ADHD and the drugs to help
Dear Dr. Jeff: I've recently been diagnosed with ADHD,
and am wrestling with whether I want to take the Adderall my doctor prescribed.
There are lots of rumors around, and I'm trying to separate fact from
Dear S.H.: "Attention Deficit Hyperactivity Disorder"
is a neuropsychiatric disorder, characterized by inattention, impulsivity,
and hyperactivity. These behavioral deficits cause problems which are
performance-based, rather than skill-based. Although students with ADHD
are of at least average, if not above average intelligence, and certainly
possess their fair share of talents and abilities, 25 to 35 percent fail
to graduate high school. Young adults with ADHD also have a six-fold increased
risk of developing substance abuse problems.
ADHD is a chronic, life-long disorder, usually appearing
first in childhood. It may affect as many as 3 to 5 percent of Americans,
and 1 to 3 percent of college students. ADHD can be difficult to diagnose,
and many experts feel that it is both over-diagnosed (especially in highly
active, slow-learning boys) and under-diagnosed (in inattentive but quiet
girls). A high percentage of people with ADHD also have a learning disorder,
and complete neuropsychological or educational-psychological evaluation
should be undertaken for anyone diagnosed with ADHD.
Stimulant medications (e.g. Ritalin and Dexedrine) remain
the primary therapy for ADHD. They modulate levels of the neurotransmitter
dopamine, and in so doing, are thought to decrease neurologic "white
noise" from competing centers of the brain, facilitating focus and
concentration on central tasks. They are now available in a variety of
short- and long-acting preparations. The newer products are being marketed
directly to consumers, sometimes with confusing results.
Standard methylphenidate ("Ritalin") lasts only
3 - 5 hours, and is usually taken in multiple daytime doses. An older
sustained release formulation ("Ritalin-SR") lasts 6 - 8 hours,
but has a slow onset of action. "Metadate CD", the newest formulation,
has the same 8 hour duration, but contains both immediate- and extended-release
components, peaking first at 1.5 hours, and then again at 4.5 hours. "Concerta"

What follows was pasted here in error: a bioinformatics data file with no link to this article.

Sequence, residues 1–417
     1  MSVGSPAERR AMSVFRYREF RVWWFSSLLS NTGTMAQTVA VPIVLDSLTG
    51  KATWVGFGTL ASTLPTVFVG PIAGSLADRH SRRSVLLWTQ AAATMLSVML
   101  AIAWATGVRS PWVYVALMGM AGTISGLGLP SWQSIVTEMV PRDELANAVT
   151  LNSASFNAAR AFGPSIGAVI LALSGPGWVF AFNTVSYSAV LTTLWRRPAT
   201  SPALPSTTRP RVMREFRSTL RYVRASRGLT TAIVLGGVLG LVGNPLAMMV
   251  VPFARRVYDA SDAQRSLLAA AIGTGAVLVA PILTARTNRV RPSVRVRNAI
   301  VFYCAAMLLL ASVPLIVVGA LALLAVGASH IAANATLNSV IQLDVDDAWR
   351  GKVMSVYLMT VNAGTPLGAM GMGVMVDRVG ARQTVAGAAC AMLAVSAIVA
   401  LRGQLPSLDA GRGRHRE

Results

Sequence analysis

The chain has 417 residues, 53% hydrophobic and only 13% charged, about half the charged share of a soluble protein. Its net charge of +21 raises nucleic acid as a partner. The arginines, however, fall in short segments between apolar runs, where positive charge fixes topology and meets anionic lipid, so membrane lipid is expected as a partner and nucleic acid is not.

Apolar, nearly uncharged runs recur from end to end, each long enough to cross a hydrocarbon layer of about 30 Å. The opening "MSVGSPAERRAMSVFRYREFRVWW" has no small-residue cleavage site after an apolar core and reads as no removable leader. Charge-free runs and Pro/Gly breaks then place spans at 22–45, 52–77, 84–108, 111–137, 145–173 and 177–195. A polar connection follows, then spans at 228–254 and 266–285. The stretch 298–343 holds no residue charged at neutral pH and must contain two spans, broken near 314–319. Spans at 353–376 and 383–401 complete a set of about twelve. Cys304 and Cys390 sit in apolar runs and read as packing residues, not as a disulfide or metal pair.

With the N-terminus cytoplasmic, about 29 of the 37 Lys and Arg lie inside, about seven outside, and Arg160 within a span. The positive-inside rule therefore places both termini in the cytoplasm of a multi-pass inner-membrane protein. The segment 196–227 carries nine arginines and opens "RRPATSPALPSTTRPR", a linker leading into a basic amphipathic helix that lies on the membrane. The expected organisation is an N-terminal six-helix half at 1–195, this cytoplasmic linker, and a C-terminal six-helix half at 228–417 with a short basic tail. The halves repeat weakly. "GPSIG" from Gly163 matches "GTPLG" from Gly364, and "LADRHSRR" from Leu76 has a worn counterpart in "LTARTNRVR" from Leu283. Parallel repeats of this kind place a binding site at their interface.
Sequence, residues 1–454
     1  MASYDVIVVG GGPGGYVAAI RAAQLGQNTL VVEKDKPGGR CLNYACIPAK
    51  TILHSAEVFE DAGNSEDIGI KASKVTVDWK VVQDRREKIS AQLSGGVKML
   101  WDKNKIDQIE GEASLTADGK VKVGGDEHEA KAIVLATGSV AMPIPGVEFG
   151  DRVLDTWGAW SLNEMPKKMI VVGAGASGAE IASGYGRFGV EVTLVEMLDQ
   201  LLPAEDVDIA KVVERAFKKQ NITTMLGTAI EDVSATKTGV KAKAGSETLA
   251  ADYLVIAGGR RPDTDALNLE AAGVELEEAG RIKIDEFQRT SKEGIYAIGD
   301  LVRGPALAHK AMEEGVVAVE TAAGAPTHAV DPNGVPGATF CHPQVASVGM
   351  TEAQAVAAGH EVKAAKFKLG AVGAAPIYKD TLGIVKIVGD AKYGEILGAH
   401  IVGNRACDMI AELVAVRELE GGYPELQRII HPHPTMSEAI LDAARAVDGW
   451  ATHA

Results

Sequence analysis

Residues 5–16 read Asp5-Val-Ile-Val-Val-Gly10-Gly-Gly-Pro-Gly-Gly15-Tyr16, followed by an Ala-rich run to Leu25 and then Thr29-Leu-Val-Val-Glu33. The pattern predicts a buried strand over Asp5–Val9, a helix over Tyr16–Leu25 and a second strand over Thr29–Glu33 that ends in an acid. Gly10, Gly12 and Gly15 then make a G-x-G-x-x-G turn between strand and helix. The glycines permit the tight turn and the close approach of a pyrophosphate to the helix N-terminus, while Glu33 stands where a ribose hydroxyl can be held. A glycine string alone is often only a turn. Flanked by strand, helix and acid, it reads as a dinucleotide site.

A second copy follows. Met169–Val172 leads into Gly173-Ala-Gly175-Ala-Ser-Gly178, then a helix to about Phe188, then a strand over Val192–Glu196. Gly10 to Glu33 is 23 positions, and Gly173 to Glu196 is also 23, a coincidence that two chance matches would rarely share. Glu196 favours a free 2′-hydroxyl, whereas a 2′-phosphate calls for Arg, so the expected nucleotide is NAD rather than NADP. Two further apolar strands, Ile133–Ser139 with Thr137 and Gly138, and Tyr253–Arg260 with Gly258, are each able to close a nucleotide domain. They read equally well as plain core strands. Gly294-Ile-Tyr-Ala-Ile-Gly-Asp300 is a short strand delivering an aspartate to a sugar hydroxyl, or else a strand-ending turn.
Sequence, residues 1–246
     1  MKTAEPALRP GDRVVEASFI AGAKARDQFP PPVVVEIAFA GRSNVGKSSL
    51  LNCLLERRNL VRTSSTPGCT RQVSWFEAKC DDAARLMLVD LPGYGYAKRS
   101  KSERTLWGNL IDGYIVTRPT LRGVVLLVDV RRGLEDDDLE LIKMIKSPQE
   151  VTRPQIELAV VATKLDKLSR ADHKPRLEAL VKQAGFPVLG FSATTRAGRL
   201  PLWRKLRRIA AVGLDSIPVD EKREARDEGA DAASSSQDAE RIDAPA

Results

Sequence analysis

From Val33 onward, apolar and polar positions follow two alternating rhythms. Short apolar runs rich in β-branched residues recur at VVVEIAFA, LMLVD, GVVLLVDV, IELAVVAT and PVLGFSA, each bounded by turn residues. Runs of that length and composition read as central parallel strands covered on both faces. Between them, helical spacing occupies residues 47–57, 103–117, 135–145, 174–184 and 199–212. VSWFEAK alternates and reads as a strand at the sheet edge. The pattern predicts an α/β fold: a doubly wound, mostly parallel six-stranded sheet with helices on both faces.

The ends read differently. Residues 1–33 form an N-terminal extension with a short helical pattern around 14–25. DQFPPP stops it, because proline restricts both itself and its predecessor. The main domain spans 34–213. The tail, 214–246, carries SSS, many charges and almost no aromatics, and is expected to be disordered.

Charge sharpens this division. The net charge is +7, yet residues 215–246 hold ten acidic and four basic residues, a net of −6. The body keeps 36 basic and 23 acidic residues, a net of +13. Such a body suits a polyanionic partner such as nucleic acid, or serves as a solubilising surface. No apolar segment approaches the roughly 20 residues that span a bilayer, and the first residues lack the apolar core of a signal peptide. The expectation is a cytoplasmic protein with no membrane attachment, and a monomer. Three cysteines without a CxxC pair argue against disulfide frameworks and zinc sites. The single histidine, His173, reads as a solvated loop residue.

tablets contain both an immediate-release coating of medication, and an
osmotic pump which gradually releases the remainder of the drug over a
12 hour period. Concerta tablet shells are not digested, and leave the
GI tract as empty "ghost" shells.
Typical monthly costs of the four preparations range from
$32 to $70, respectively.
Standard dextroamphetamine ("Dexedrine") is as
effective as methylphenidate in treating ADHD, and has about a 5 hour
duration. Extended-release "Dexedrine Spansules" last about
8 hours. "Adderall" contains a mixture of amphetamines, lasts
only 4 -5 hours, and so is best taken in two daily doses. A sustained-release
formulation ("Adderall XR") is on its way, and will surely be
advertised in magazines and on TV. The amphetamine preparations all cost
about $25 per month.
All of these medications are controlled substances. The
shorter-acting stimulants are readily abused for recreational purposes,
and are all known to be frequently traded among friends as "study
aids". At the University of Wisconsin, one in five students reported
misusing this medication. At Bowdoin, this may be equally common.
Headache, abdominal pain, appetite suppression, insomnia
and nervous tics are all common side effects of stimulants. Taken orally,
in prescribed doses, stimulants are safe and effective medications. Rarely,
in people with predispositions to seizure disorders or cardiac problems,
they can be dangerous, even fatal. This is especially true when they are
Many "natural" products are also promoted for
ADHD, including essential fatty acids, phosphatidylserine, ginkgo, DMAE,
and Ephedra. None have been scientifically proven to be effective. And
remember: "natural" doesn't necessarily mean safe.
A balanced, healthful diet and regularly scheduled exercise,
on the other hand, can be very helpful for someone with ADHD. Compensatory
strategies for structuring studies and organizing activities are also
effective. Bowdoin students can find assistance in developing these strategies
at the Baldwin Center. Joann Canning, Director of Accomodations for Students
with Disabilities, can help coordinate these efforts. Providers at the
Counseling Center can help students deal with the feelings of inadequacy,
stress and frustration that often come with ADHD. And last, but by no
means least, the student support group FORWARD! welcomes all to attend
their Wednesday evening meetings in Moulton Union.
Jeff Benson, M.D.